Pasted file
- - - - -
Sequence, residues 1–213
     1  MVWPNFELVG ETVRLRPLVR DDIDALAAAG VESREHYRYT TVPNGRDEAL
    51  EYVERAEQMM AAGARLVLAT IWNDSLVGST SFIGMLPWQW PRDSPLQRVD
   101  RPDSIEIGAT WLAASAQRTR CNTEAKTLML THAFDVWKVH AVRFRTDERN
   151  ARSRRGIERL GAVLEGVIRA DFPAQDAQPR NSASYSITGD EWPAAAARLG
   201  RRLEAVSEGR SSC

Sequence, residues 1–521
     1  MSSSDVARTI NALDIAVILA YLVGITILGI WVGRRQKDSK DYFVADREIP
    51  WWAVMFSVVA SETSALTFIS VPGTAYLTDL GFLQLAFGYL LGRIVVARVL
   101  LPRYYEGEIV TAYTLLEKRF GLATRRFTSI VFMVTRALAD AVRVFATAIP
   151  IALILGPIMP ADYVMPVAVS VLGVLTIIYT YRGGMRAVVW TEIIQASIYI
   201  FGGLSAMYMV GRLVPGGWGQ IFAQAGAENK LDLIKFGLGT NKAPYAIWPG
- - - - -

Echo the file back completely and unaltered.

Sequence, residues 1–213
     1  MVWPNFELVG ETVRLRPLVR DDIDALAAAG VESREHYRYT TVPNGRDEAL
    51  EYVERAEQMM AAGARLVLAT IWNDSLVGST SFIGMLPWQW PRDSPLQRVD
   101  RPDSIEIGAT WLAASAQRTR CNTEAKTLML THAFDVWKVH AVRFRTDERN
   151  ARSRRGIERL GAVLEGVIRA DFPAQDAQPR NSASYSITGD EWPAAAARLG
   201  RRLEAVSEGR SSC

Sequence, residues 1–521
     1  MSSSDVARTI NALDIAVILA YLVGITILGI WVGRRQKDSK DYFVADREIP
    51  WWAVMFSVVA SETSALTFIS VPGTAYLTDL GFLQLAFGYL LGRIVVARVL
   101  LPRYYEGEIV TAYTLLEKRF GLATRRFTSI VFMVTRALAD AVRVFATAIP
   151  IALILGPIMP ADYVMPVAVS VLGVLTIIYT YRGGMRAVVW TEIIQASIYI
   201  FGGLSAMYMV GRLVPGGWGQ IFAQAGAENK LDLIKFGLGT NKAPYAIWPG